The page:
If you ever ask me what my favourite flower is, it wouldn’t be something too rare or even specific. I might even say a different flower each time I’m asked. But one thing is for sure, and that is Acacias are most often my favourite. Acacia suaveolens have clumps of small round flowers that smell divine- a smell so lovely that it’s reflected in the name- suaveolens is the Latin word for “sweet smelling” and its common name is “sweet wattle”.
Aside from the beautiful scent, a feature I love about this acacia are the seed pods, which turn a blueish-purple and can be flat or start to twist a bit, pictured in the above image I captured when visiting Evans Head, in Northern NSW.
A suaveolens occurs naturally on sandy soils in heathland and coastal areas as well as dry sclerophyll forest, from Southern Queensland, all the way down the coast to Tasmania.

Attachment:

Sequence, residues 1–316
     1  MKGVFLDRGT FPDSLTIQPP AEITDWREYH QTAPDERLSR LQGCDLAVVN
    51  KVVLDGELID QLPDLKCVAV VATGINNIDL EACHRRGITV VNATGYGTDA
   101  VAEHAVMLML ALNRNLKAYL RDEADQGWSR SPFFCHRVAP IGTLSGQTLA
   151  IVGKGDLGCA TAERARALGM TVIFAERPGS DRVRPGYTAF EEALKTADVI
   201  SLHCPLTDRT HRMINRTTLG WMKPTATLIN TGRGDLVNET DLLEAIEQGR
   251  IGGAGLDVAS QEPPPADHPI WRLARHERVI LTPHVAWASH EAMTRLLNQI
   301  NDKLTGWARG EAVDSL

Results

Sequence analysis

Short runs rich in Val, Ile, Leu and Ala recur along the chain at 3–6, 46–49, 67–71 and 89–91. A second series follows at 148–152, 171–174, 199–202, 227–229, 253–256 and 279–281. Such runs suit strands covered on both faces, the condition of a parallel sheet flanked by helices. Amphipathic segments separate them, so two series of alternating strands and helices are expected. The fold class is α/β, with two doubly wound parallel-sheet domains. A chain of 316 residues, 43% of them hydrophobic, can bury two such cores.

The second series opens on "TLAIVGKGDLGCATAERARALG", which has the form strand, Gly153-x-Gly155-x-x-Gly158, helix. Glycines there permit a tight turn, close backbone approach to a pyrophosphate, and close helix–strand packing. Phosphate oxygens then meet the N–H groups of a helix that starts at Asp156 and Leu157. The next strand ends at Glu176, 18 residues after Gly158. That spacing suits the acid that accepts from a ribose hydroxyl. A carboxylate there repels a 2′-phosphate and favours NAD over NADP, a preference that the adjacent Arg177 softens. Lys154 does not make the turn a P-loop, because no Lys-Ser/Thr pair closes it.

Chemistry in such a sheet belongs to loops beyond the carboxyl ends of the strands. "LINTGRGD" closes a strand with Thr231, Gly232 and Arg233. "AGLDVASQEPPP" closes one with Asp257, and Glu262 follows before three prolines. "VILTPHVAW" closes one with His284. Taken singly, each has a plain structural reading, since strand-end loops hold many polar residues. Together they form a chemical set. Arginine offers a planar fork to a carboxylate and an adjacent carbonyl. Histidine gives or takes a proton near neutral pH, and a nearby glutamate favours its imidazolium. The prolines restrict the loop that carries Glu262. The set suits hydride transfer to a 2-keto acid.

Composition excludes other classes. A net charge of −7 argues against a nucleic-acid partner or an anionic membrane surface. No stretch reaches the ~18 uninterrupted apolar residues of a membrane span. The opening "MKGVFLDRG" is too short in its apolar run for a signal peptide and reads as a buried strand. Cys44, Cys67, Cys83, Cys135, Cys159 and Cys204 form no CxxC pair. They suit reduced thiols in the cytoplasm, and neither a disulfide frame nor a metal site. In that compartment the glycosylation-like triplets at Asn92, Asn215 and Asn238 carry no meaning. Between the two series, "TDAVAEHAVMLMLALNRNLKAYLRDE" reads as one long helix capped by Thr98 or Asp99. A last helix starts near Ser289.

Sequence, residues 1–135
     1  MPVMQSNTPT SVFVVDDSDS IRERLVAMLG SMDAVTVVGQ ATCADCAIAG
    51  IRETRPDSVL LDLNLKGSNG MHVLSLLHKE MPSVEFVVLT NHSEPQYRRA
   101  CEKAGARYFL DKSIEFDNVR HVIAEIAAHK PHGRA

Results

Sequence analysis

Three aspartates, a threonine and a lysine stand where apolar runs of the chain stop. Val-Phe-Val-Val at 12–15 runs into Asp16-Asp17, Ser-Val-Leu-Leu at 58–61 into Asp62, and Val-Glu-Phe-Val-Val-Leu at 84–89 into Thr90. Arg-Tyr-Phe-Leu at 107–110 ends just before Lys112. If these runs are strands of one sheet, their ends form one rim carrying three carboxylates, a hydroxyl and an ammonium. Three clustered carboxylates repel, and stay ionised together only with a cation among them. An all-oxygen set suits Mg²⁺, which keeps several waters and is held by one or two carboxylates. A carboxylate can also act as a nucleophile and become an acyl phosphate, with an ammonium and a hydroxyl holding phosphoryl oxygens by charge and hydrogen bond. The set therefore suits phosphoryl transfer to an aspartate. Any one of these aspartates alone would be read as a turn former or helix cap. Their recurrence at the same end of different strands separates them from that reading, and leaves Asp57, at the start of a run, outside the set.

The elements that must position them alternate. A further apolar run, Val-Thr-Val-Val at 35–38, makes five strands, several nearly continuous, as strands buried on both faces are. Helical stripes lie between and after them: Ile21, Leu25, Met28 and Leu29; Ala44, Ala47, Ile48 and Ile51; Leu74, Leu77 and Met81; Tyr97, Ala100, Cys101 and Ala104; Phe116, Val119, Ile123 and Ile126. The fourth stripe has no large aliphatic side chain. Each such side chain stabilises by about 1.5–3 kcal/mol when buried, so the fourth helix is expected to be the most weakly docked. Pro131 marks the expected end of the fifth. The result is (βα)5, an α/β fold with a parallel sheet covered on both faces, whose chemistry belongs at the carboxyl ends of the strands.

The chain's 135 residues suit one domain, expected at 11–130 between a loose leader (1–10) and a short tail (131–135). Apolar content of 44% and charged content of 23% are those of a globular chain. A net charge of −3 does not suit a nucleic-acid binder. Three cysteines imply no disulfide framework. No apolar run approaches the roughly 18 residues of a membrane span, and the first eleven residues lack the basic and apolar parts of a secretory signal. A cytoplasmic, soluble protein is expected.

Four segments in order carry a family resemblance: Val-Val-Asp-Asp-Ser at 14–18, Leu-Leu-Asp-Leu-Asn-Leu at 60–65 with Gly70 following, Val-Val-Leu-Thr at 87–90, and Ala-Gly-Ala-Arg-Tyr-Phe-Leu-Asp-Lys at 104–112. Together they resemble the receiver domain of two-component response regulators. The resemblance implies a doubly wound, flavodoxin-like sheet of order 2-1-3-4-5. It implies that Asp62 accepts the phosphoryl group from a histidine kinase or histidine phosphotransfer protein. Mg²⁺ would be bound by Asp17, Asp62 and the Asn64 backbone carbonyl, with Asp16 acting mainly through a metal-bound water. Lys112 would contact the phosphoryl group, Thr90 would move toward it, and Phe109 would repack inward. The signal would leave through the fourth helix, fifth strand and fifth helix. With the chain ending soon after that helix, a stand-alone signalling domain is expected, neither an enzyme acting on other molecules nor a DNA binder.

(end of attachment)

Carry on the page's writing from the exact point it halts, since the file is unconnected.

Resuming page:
Like some other Acacia species, the leaves fall off quite early- you may notice that on juvenile trees, there are tiny little bipinnate leaves. The larger leaves that start coming through are phyllodes- the modified petiole that performs the same photosynthetic and respiratory functions as a true leaf. Drought tolerant phyllodes are considered to be an adaptation to dry, Australian conditions and nutrient-poor soils.
A suaveolens only reach about 3 meters, and like many acacia species are relatively short lived. In some areas, like Saltwater Point NSW (pictured), Acacia species have shown rapid growth post bushfire. Their seeds are stored in the ground and they germinate quickly, benefiting the post-fire recovery as they are excellent at restoring nitrogen back into the ecosystem.
Propagation is relatively easy and can be done by soaking in boiling water overnight, then gently push them into some seed raising mix and position them in a sunny place.
Patterns in emergence of Acacia and Grevillea seedlings after fire January 1995 Proceedings of the Linnean Society of New South Wales 115:5-15